Case for electric cars
EDITOR: Can we please have a rational discussion regarding banning of new gasoline stations by some municipalities in Sonoma County?
First, aren’t there already enough stations in the county? Our population growth rate has been 0.1% for several years. I don’t recall (gas shortages aside) having to wait in line. And as electric vehicle adoption rates increase, there will be less need for gas stations.
Second, many argue that electric vehicles are too expensive. Presently that’s true. The average cost is about $65,000 compared to $40,000 for a gas-powered vehicle. But with incentives, that narrows the difference significantly. Furthermore, most electric vehicle makers started with luxury models to fund the cost of producing less-expensive vehicles. More “inexpensive” models are on the way — the Chevy Bolt is less than $35,000. As battery technology improves, the price difference should be more in favor of electric cars.
Lastly, one complaint is concern about power outages and charging. Most electric vehicles can be charged during off-hours, and when the power is out, gas stations can’t dispense gas.
EDITOR: If ever there has been a time where the choices are clear about the leadership and direction of this great county, it is now. The future of what kind of nation this will be is on the line. Our elected president gave a speech telling Americans that the foundation of democracy is being challenged by extremism on the right.
At the same time, the former president was announcing that if he were to be elected again, he will pardon and even offer an apology to persons found guilty of storming the Capitol and killing Capitol police officers.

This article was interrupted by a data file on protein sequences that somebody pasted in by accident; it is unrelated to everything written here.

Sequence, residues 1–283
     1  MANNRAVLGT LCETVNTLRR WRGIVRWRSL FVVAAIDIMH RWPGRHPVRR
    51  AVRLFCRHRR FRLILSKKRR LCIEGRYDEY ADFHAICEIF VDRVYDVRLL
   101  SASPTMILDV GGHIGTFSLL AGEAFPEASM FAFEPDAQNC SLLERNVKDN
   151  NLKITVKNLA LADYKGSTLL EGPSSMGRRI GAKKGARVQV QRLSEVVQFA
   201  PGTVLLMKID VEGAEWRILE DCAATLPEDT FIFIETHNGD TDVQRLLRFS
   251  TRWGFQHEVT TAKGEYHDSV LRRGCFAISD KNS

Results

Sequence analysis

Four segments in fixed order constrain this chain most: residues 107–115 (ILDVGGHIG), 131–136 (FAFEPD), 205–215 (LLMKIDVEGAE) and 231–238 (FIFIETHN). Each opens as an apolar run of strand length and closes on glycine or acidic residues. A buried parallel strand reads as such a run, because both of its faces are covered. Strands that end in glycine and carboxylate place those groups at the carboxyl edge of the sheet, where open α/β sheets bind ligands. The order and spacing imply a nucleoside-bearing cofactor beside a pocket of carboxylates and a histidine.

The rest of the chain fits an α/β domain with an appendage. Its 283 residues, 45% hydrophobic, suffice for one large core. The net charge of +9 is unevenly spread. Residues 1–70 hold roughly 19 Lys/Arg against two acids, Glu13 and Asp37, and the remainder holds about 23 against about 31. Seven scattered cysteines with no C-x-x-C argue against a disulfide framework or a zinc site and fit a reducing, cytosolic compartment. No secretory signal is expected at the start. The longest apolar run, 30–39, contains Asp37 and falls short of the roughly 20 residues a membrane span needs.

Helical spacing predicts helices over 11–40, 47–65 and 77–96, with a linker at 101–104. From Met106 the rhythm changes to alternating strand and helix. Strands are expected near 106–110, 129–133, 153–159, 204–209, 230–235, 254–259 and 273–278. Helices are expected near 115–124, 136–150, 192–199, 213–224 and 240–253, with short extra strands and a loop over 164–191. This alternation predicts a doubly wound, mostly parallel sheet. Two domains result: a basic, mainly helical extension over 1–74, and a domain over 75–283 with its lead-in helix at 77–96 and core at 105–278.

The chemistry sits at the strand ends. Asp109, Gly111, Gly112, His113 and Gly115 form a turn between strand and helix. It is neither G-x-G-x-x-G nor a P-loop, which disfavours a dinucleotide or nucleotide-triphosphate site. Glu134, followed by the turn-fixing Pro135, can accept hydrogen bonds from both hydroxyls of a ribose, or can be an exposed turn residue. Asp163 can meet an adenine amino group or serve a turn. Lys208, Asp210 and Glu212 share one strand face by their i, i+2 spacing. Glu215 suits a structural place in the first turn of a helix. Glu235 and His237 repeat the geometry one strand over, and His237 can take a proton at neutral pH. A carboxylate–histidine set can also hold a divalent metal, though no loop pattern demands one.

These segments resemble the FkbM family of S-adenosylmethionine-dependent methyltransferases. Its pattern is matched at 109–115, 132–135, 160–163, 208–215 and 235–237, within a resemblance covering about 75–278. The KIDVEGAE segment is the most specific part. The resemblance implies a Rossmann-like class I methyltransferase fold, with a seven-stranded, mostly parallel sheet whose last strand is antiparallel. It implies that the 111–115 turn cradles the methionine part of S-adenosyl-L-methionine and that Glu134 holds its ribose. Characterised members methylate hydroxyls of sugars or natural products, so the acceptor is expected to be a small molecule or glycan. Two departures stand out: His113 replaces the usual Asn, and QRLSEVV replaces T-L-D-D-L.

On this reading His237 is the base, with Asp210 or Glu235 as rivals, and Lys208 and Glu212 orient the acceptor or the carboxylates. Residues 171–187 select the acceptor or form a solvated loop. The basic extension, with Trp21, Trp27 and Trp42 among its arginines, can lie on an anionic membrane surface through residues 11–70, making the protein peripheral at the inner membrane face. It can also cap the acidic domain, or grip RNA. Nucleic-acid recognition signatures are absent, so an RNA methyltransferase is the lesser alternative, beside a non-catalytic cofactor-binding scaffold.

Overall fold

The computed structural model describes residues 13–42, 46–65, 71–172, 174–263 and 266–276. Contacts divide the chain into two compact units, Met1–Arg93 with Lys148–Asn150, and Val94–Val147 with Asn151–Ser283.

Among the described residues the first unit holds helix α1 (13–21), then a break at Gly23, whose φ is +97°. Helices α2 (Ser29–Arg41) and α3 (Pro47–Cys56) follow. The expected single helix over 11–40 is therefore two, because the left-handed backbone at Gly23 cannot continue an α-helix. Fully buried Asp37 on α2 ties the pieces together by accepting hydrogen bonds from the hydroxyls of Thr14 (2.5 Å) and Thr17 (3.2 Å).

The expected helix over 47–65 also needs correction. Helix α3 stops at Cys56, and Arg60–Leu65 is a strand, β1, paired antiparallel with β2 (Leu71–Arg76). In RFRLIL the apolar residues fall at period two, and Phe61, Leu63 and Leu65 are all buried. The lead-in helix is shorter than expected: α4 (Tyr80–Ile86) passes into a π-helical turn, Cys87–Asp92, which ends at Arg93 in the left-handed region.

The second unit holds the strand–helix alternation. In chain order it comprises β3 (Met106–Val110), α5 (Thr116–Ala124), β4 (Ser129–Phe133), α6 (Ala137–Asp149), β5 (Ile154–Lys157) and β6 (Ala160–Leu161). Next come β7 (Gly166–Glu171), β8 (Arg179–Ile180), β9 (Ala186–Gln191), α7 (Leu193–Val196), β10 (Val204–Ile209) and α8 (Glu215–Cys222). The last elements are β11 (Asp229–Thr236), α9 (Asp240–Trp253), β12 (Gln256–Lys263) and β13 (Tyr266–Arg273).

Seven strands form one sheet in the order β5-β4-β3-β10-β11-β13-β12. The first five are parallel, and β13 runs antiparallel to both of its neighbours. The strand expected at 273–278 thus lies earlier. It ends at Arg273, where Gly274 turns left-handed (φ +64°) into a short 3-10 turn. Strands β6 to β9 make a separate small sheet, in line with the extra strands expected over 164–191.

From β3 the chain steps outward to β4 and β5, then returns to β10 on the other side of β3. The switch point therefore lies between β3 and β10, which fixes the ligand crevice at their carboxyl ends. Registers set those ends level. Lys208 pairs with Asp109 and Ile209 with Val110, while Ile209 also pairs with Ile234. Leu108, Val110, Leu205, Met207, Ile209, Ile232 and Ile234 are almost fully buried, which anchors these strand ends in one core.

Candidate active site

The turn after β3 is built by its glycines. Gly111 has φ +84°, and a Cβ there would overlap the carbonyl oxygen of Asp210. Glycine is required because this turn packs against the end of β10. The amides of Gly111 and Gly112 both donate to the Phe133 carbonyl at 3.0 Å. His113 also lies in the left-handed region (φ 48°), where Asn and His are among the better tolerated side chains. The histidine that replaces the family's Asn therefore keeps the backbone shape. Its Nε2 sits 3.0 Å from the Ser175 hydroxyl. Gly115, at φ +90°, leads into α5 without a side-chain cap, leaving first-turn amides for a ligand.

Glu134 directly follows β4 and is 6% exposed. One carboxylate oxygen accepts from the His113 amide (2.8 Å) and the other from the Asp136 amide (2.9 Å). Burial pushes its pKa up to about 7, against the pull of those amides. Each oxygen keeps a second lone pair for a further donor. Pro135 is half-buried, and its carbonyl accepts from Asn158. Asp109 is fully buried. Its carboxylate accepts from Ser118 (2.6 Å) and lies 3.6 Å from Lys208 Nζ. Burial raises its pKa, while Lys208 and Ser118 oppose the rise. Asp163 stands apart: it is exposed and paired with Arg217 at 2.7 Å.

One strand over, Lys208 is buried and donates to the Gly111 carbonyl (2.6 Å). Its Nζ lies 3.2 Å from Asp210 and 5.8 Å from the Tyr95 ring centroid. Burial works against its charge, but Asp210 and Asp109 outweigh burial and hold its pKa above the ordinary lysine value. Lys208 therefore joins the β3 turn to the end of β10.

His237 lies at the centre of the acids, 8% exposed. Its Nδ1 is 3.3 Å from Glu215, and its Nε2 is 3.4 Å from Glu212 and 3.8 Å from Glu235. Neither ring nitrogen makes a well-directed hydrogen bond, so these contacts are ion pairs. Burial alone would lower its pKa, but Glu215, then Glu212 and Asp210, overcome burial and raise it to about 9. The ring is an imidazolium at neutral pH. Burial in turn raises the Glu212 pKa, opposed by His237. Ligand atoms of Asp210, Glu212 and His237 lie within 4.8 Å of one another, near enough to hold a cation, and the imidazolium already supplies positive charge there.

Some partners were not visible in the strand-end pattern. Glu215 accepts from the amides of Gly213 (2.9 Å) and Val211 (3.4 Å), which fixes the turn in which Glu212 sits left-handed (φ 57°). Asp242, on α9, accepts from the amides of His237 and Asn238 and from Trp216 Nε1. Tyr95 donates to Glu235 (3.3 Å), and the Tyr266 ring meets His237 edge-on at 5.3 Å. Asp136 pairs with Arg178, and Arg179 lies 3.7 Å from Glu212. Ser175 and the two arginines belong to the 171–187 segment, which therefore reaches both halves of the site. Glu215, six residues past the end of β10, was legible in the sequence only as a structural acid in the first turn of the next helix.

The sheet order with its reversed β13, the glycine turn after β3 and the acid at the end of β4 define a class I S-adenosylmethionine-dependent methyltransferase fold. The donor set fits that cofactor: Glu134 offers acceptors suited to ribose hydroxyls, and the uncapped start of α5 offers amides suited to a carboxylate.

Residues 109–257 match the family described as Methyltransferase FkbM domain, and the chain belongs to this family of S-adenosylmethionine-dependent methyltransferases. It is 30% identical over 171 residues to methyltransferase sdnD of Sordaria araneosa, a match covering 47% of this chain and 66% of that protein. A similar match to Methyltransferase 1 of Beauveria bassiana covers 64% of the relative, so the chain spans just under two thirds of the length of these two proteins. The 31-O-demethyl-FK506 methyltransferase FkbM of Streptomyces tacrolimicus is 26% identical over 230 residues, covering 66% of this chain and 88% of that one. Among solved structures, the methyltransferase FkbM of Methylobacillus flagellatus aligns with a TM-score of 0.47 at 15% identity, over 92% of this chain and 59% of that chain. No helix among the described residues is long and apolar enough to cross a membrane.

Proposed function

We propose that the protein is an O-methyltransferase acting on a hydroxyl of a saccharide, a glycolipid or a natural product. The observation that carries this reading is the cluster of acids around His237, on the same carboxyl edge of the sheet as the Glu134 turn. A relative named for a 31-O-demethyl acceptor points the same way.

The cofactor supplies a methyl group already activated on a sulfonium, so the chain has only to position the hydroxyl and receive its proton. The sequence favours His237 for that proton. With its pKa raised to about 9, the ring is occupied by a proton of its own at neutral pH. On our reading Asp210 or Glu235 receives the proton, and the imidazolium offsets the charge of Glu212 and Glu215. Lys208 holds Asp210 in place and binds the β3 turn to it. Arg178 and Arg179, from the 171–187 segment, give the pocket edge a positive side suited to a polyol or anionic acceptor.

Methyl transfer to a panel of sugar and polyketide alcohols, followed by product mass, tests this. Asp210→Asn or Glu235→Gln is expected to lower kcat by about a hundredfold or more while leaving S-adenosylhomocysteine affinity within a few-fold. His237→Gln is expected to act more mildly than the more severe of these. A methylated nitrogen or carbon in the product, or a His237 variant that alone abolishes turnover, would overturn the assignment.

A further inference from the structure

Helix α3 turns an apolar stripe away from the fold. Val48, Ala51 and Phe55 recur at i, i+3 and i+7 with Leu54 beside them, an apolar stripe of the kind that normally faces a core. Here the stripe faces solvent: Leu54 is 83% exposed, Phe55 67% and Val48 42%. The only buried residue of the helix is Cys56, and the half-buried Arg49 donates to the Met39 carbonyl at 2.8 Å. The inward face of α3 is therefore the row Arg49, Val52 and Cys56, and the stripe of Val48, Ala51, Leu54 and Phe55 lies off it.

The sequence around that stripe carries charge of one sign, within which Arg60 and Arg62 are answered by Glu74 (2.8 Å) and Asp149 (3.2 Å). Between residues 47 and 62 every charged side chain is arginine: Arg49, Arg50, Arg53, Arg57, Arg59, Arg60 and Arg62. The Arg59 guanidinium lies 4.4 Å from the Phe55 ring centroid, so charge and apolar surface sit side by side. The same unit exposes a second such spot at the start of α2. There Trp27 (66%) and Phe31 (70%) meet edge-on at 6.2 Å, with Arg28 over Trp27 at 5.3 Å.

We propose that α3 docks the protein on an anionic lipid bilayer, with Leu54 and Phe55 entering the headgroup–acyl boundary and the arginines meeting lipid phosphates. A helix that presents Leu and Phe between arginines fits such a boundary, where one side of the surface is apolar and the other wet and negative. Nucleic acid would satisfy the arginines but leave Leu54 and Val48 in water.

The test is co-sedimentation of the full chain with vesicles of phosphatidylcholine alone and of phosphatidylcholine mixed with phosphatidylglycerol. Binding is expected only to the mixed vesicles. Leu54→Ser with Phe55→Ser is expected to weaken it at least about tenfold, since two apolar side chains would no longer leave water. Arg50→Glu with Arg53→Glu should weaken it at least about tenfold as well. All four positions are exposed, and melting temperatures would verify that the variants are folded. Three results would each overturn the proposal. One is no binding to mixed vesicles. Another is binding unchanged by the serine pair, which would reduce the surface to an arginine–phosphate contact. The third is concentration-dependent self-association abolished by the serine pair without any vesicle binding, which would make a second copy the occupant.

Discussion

He is making clear that violence to obtain his goals will be fully supported. The GOP philosophy now is that elections are either won or stolen; there is no more losing and acknowledging that fact. I for one will do all in my power to prevent a repeat of 2016. However, with the volume of crimes that Donald Trump is being investigated for, his reelection attempt is in serious jeopardy.
NOEL J. O’NEILL
Lawns don’t lie
EDITOR: If your lawn is green, we can conclusively conclude that you have irresponsibly wasted water. In a severe drought, your conduct hurts us all. The city of Santa Rosa should impose a hefty fine on every property owner with a green lawn (except the artificial ones). The lawn does not lie.
EDITOR: In 2013, I crocheted massive winter earflap hats for the two Grandfather statues across from Santa Rosa City Hall. The Press Democrat did a story, and the response was great. Hundreds of people took pictures of the Grandfathers in their woolen caps and posted them on social media. In 2017, I crocheted two large pink pussycat hats for the Grandfathers.
But just like Rasta Charlie, it only took one complaint that the hats were a smear on the Korean people, who gifted the statues to Santa Rosa. Apparently, she didn’t know that on Jeju Island the stone Grandfathers are often decorated with colorful hats, scarves and flower necklaces. I was instructed to remove the hats by the city manager. Furthermore, if city staff were to see any decorations on the Grandfathers, those would be removed. Two years ago, several people created masks for the statues when COVID put us all under lockdown. The masks were removed the next morning.
In the end, the Grandfathers continue to hold sentry but never to be decorated, and Rasta Charlie is relegated to the backroom. It’s sad that one person can ruin the fun for everyone else.
Fire trust financials
EDITOR: The Fire Victims’ Trust could vastly increase its transparency by releasing audited financial statements. The trust owes an accounting to survivors of the fires. I recommend that William Abrams, who has successfully litigated for more financial information, go back and ask for release of the audited financial statements. This document will shed a lot of light on the spending.
Any entity in charge of $13.5 billion must have financial statements. The Fire Victims Trust should do the right thing and release its financial statements.
My family is a victim of the 2017 Nuns Canyon Fire. Our house and all our belongings burned to the ground. We moved back into our house three months ago, almost five years after the fire. We have received a pittance from the trust so far. The hardship has been great.
I find it disgusting that we, like everybody I know whose home burned, have received so little while the administrators of the trust seemingly feed at the trough. Transparency would go a long way.
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